D. Schmidt courtesy about.com
Have Fork, Will Travel
Not to be Confused with Flavor
Co-munching in Thailand
By Chef Boy Ari
The lukewarm rice porridge in my bowl had zero flavor. None. It was a study in sensory deprivation.
Rogue’s Monk Madness
By Alex Brown and Evan George
As a wise man once said, “When in Rogue, do as the Rogue do.” This is old-proverb-speak for “Northwest breweries should stick with the badass bitter beers they're known for.” Just look at Rogue Brewery’s OG flagship brews Shakespeare Stout, Brutal Bitter and Old Crustacean, all of them harsh, complex and consistently on point. But with their newest concoction, Monk Madness, the preeminent Oregon tastemakers at Rogue have continued to stray from their roots to unimpressive results. Right now, every American brewer and his mother seems to think it’s his right, or obligation, to try his hand at a Belgian-style ale. The results can be disastrous for one simple reason: Belgian ales, even the strongest of the bunch, have a subtlety and traditional pureness to them that the American ruffian brewer can’t recreate. Rogue’s tribute to the Belgian ale, for instance, hinges on five varieties of malts and five different hops—an ambitious recipe on paper that damn well goes too far. The deep velour and rippled brown color is off-putting, the sour bite of it is upsetting. Everything about the burnt-caramel hop flavor and slightly hopped-up, nutty booziness screams "identity crisis," like an American playboy vacationing in an ancient monastery—and without the basic decency to learn Flemish. The fact is, Rogue’s ever-expanding list of beers seems more and more like an excursion from what they are known for, and what they do best.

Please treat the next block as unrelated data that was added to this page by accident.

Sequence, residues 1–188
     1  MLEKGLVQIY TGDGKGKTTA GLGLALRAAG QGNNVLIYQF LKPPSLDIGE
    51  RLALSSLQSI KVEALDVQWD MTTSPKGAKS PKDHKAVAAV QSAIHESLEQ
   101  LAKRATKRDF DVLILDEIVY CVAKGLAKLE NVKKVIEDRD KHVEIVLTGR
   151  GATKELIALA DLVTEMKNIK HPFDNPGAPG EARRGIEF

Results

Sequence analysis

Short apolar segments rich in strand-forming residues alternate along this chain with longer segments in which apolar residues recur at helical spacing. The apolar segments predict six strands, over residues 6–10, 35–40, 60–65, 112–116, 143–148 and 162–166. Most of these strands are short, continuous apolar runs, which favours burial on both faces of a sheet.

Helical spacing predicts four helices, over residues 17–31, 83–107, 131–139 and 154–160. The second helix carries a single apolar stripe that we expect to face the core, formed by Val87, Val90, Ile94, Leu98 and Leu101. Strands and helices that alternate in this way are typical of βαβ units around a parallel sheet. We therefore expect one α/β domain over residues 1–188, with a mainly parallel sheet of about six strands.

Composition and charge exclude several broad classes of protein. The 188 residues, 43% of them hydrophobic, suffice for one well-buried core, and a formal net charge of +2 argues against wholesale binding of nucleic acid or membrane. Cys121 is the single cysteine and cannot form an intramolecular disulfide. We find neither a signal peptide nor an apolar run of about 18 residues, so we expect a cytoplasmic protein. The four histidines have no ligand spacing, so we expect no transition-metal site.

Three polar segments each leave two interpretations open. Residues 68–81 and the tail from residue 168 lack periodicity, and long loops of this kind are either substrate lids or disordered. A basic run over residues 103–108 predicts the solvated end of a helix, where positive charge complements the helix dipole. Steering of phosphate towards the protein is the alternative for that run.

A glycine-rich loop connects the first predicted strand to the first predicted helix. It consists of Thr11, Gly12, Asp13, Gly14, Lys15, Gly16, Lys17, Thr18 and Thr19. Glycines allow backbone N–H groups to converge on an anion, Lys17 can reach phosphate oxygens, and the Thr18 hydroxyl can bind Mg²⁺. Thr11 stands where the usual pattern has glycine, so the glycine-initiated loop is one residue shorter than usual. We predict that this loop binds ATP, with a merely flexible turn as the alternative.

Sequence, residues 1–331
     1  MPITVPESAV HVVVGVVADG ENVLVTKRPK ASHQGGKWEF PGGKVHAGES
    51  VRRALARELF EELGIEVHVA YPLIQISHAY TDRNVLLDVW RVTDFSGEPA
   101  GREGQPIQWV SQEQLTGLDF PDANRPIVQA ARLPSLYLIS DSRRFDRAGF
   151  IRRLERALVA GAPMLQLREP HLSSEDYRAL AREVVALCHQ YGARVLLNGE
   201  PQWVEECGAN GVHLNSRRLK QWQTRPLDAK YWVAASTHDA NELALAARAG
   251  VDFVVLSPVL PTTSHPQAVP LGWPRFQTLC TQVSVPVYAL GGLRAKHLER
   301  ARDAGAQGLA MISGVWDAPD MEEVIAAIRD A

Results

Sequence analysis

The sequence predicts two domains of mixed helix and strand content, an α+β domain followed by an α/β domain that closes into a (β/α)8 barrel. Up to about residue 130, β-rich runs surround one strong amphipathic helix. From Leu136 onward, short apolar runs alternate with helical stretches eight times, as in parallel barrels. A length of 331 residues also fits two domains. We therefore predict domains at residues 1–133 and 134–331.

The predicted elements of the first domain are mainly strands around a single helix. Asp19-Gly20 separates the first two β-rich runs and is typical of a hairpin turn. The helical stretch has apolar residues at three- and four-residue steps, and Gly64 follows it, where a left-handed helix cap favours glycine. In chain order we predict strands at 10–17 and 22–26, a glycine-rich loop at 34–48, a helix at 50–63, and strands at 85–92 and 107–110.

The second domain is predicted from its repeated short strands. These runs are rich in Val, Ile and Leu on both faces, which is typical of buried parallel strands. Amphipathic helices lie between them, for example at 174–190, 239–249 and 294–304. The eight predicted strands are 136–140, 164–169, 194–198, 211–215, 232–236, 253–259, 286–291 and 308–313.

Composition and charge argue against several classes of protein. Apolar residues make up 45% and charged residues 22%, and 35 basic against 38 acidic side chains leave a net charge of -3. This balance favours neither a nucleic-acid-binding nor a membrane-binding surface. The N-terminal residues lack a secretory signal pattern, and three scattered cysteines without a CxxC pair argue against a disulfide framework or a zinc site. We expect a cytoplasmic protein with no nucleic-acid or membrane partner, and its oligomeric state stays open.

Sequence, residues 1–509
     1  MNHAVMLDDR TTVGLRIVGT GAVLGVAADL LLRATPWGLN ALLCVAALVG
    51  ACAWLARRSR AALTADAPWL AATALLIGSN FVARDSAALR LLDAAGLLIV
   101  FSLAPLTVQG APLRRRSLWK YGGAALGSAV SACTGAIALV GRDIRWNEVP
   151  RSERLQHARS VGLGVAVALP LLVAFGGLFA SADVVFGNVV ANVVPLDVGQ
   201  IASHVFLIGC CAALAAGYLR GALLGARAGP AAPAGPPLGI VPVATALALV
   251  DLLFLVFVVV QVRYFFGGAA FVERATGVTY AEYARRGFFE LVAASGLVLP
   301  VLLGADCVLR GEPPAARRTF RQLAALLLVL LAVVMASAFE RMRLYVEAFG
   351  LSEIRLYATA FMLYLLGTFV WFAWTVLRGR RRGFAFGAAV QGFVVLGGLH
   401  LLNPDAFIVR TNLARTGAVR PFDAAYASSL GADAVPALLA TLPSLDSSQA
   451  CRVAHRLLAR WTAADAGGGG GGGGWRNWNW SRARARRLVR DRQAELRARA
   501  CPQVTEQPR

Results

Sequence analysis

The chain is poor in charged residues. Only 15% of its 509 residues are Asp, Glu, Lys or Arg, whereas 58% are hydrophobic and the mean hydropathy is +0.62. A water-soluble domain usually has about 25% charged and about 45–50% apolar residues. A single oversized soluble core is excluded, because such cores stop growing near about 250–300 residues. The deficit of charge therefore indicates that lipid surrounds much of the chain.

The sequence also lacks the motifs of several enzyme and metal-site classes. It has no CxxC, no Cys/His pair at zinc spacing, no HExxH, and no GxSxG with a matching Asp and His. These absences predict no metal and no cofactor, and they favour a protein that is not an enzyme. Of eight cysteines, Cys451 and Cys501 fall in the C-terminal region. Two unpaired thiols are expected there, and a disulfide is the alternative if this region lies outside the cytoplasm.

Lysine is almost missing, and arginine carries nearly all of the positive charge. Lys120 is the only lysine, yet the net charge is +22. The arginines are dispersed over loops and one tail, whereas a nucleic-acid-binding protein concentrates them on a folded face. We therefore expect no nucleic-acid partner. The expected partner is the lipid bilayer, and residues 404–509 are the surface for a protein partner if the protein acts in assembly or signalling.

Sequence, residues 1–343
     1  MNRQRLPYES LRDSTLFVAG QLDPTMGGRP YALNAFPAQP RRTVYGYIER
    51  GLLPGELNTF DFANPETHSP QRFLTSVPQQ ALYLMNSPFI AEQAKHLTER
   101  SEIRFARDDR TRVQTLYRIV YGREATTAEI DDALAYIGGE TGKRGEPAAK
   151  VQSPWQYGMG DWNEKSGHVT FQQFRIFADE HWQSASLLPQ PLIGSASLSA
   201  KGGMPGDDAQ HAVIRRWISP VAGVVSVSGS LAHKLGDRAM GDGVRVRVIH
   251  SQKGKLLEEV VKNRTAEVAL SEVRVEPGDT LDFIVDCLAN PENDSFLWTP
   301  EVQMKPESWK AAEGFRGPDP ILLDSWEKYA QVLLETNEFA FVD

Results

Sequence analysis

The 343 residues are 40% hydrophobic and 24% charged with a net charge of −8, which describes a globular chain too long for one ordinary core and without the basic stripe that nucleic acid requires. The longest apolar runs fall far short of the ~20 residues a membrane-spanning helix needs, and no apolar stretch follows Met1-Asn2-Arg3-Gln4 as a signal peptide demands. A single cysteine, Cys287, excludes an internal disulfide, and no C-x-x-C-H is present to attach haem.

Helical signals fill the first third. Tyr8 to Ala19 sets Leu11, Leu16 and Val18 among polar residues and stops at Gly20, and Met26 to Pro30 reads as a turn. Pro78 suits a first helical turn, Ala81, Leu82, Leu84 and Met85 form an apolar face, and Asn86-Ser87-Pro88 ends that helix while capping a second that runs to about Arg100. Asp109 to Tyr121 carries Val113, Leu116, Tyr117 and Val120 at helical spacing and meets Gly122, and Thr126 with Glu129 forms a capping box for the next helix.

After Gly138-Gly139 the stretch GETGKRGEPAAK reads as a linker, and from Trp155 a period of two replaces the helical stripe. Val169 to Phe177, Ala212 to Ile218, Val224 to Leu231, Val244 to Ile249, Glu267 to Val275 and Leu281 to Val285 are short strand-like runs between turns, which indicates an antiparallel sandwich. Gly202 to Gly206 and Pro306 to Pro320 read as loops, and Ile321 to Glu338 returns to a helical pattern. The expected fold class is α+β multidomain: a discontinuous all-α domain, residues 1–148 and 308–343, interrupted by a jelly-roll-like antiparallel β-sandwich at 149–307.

For diners, captive or otherwise
By Jennifer Wohletz
I’ve always been curious to know what sort of food is served to people in jail. I couldn’t imagine inmates having a make-your-own-omelet bar or anything, but I think we're also past the days when the chain gang stopped at noon for porridge.
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